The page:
May 5, 2010 – 5:03 pm
That’s right – another Anna to join the fold.
I’m now able to run two WoW accounts (due to some fortuitous and star-aligned happenings), and so it’s possible for me to add in new characters again. I’ve previously been running with 10 characters on Feathermoon – and now I have my eleventh!
Solidly built and capable looking, Annata appears to be in her mid thirties. Her hair is thick and wavy, and while still mostly black, is starting to grey at the temples. Her eyes are deep set and dark brown.
Annata is a rogue (and currently level 16 – woo!) Being a low level rogue is difficult, especially since my most recent leveling endeavors were a prot warrior, a ret paladin, and a feral druid. (I’m used to being a LOT less squishy). Still, stealth is hax, and I’m having a lot of fun sneaking around and stealing stuff completing quests.
From a character perspective, Annata is a master poisoner (and she’s an herbalist accordingly) – so I’ll probably be taking her into the Assassination tree for all of the fun poison talents. Probably. For now, I’m still working on getting my “please don’t see me while sneaking” and “please let my offhand actually hit once in awhile” talents. She’s a Stromgarde citizen (or was) and a low ranking associate of Ravenholdt.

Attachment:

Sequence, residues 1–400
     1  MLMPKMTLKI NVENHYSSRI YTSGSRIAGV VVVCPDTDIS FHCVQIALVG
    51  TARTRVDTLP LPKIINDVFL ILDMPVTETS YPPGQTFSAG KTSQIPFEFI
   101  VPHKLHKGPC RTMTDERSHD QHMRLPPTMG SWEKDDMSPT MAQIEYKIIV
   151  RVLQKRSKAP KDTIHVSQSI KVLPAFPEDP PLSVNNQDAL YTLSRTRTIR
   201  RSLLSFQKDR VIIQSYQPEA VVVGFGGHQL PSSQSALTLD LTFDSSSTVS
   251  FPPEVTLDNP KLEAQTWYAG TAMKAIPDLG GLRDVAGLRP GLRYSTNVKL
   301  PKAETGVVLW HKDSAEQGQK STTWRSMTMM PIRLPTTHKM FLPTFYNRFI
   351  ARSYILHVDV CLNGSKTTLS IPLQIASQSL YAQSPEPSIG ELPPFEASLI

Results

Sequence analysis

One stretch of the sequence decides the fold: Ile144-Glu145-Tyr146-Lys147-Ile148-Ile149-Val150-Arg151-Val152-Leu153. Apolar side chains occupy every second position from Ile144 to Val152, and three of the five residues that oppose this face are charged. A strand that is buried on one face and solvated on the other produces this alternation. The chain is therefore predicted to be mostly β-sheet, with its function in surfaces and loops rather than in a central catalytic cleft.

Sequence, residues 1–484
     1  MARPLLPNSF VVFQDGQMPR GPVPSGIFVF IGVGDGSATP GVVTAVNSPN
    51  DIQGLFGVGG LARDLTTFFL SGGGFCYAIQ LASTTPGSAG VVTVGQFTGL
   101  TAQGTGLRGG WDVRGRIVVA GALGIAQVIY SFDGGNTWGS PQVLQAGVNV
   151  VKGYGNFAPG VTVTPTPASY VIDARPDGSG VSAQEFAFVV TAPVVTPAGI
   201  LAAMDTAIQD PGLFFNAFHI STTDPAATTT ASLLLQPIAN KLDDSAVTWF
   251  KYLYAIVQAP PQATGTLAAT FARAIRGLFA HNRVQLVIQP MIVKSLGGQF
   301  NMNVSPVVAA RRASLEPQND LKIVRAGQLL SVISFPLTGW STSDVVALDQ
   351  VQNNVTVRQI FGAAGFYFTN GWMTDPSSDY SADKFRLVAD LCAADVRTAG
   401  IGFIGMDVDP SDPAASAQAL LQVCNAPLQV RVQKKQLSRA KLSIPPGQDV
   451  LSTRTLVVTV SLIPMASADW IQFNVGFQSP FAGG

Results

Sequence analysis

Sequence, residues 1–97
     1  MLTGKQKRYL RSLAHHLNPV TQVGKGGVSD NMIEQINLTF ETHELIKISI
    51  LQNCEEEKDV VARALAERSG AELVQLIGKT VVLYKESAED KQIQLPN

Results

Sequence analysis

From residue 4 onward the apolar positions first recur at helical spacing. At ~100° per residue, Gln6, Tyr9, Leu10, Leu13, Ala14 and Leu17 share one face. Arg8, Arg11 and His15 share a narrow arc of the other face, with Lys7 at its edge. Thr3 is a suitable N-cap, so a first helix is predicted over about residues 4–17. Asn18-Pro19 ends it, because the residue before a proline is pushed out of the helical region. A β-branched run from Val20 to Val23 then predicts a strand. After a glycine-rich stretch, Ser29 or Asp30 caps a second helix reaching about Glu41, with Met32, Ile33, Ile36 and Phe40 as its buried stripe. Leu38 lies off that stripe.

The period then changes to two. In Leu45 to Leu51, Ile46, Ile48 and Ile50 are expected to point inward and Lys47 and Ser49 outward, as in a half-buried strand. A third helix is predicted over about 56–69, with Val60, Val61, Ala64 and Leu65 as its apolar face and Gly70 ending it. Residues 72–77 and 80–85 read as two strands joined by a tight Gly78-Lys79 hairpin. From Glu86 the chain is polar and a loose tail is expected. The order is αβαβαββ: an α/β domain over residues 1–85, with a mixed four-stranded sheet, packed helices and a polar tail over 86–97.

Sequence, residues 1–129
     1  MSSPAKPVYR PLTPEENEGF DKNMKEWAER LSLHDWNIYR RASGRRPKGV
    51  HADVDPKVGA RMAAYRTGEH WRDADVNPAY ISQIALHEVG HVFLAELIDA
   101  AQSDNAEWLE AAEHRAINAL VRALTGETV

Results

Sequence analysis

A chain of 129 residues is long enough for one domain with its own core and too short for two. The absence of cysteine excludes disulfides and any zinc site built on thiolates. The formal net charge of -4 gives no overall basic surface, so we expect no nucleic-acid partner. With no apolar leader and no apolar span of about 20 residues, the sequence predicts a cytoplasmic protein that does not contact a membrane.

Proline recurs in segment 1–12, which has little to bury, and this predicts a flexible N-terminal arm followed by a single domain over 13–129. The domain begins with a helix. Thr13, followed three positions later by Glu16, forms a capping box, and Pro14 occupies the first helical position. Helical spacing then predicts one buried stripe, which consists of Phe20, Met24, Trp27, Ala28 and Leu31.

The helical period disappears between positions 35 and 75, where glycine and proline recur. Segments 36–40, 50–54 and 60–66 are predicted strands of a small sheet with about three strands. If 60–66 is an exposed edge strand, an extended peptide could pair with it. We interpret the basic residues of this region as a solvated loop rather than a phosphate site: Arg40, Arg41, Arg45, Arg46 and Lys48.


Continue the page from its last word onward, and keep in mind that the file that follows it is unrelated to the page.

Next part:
I’ve not yet gotten to do a lot of actual RPing with her, since the Riders have been pretty busy lately, so I’ve been around with Aely a lot more than anyone else. Hopefully I’ll get some time to explore the character – I’d really like for her to meet some of the rest of the crew, as she’s a little more … shall we say … morally fluid. (Which makes her more unusual in my character set, and I’m REALLY looking forward to exploring that aspect of WoW.)
PS: LFG DM
PPS: Calderaro is a medieval Italian surname for Cauldron maker. Annata’s former husband was a blacksmith, and she is a master poisoner. (No, she didn’t kill her husband. She’s from Stromgarde, and he was killed in one of the many invasions there.)
May 4, 2010 – 5:14 am
The part you may have trouble seeing, unless you open the link, is that Annylais is level 70. I did not train Swift Flight Form from the Druid Trainer at level 71. I did the quests (solo, at level 70), and then I killed Anzu this afternoon, with the help of some friends. It rocked.
April 30, 2010 – 1:30 pm
Over at WTT:RP the Friday Fiction post this week is (kind of) about Aely. You should go read it.
From the intro:
((Some time back we had an RP funeral for one of our guildmates who felt that his story had run its course. Jolstraer was an awesome, ass kicking old sod, and every Rider misses him. Fortunately his PLAYER has returned for us to goof around with, but the character is forever gone.